Aircraft Rescue & Fire Fighting

Global Leaders in Aircraft Fire Fighting Research

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Aircraft fires are especially challenging and dangerous for several reasons. They often occur in tough-to-access areas such as aircraft engines and cargo holds, and they typically involve spilled jet fuel and a variety of other material hazards.

 

The FAA prepares our nation’s airports for aircraft fires under ATR’s Aircraft Rescue and Fire Fighting (ARFF) Program.  This program promotes a safer national aerospace system by vetting the tools, techniques, and training to save passenger and crew lives and protect rescuers.

 

Thanks to an evolving, world-class ARFF Research Facility and a fleet of versatile test vehicles, ATR has the leading edge in discovering and testing new firefighting methodologies. At the ARFF Research Facility in Atlantic City, NJ, FAA researchers create interior, exterior, and cargo fires, analyzing and extinguishing them using a variety of specialized vehicles and test equipment. The heart of the ARFF Research Facility is a custom-built ARFF Test Laboratory that allows FAA researchers to evaluate firefighting techniques and products in a controlled, repeatable, and environmentally friendly way.

 

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The ARFF Program conducts fire tests and studies to:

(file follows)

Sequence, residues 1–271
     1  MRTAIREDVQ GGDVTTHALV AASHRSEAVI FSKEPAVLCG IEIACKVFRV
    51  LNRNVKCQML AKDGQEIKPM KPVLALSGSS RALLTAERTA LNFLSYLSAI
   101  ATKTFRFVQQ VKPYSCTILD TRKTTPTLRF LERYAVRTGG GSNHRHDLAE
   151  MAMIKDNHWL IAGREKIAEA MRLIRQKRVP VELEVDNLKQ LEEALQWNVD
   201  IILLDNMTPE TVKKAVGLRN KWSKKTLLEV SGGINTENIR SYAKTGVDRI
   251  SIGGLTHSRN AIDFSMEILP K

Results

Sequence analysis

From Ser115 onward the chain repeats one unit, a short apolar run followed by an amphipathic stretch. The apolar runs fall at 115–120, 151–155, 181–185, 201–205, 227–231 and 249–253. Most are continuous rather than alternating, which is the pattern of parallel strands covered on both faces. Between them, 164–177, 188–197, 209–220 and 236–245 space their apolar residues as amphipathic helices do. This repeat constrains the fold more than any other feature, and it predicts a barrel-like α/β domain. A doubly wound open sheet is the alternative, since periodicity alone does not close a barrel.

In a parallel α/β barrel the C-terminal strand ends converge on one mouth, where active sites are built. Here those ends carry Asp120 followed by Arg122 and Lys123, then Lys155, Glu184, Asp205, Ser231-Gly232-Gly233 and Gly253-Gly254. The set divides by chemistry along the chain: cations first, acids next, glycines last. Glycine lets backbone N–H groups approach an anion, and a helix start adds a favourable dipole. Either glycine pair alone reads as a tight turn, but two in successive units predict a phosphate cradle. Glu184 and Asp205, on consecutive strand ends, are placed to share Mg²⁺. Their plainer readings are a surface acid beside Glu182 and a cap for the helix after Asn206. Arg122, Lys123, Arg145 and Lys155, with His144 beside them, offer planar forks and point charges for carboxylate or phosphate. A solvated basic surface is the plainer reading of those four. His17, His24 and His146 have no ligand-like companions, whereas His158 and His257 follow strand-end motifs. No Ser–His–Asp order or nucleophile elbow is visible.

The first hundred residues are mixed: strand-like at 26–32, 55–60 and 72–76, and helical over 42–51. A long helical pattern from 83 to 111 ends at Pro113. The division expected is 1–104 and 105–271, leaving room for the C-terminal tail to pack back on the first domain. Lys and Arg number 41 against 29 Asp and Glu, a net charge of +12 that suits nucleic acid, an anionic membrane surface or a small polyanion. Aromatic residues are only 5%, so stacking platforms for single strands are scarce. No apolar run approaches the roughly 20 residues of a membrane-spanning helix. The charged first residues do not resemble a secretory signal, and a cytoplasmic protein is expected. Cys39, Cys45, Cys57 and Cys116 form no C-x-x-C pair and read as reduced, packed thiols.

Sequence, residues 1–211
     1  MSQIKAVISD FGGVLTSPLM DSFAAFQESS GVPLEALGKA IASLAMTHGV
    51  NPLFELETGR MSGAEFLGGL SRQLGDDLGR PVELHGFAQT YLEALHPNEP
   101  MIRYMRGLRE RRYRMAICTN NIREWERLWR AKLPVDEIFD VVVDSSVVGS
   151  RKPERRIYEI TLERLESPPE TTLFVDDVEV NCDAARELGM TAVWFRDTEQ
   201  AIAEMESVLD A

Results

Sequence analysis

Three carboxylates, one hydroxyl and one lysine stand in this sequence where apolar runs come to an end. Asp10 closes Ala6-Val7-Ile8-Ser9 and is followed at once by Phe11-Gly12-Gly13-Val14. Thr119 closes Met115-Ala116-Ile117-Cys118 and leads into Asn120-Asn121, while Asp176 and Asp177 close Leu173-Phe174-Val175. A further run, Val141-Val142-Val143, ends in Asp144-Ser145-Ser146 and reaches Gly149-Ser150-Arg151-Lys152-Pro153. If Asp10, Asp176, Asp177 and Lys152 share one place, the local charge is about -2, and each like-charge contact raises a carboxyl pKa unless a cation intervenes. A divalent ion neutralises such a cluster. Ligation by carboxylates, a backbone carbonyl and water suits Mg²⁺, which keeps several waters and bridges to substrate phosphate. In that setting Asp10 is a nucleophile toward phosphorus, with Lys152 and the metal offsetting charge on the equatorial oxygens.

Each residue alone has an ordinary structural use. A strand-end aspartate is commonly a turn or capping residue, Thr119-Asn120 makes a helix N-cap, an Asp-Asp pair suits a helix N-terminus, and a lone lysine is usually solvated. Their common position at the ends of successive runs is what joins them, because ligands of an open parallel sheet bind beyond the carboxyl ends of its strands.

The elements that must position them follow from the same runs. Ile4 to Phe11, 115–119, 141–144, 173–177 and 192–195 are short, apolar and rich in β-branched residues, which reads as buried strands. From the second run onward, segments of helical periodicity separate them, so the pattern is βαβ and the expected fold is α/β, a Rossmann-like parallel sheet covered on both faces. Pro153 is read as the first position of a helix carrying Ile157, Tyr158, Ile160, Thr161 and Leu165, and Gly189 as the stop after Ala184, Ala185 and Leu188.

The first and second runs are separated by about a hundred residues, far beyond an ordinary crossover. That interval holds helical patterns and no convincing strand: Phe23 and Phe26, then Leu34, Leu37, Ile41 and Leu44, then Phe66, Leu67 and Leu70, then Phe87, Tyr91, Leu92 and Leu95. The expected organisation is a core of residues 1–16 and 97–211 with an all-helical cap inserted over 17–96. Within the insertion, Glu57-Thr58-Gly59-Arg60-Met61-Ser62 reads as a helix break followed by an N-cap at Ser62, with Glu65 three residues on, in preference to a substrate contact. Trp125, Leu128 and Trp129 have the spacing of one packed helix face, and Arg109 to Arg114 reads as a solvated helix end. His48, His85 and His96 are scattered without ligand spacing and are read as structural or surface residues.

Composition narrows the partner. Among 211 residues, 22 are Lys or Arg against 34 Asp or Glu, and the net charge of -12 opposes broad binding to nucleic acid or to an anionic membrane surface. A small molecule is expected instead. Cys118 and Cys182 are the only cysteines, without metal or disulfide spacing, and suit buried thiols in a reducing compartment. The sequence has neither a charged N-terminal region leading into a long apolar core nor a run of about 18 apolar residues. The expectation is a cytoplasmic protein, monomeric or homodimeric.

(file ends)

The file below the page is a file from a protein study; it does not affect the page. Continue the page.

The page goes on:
• Gather data on equipment and fire agent performance
  • Investigate and inform the ways today’s aircraft characteristics (e.g., passenger loads, fuel stores, composite materials, unique space configurations) affect incident preparedness
  • Assess ARFF tools and tactics for industry best practice
  • Develop guidance that reduces the risk associated with fire rescue events

 

Fire studies conducted at the ARFF Research Facility complement in-flight survival research performed nearby at the FAA’s Fire Safety Branch.  FAA also partners with the U.S. Air Force to conduct large-scale fire tests at Tyndall Air Force Base near Panama City, Fla.    

 

Contact Project Lead Keith Bagot

 

Learn More

 

ARFF Vehicle Research

 

Cargo Fires Research

 

Composite Fires Research

 

Fire-Extinguishing Agent Research

 

New Large Aircraft Research

 

Additional Reports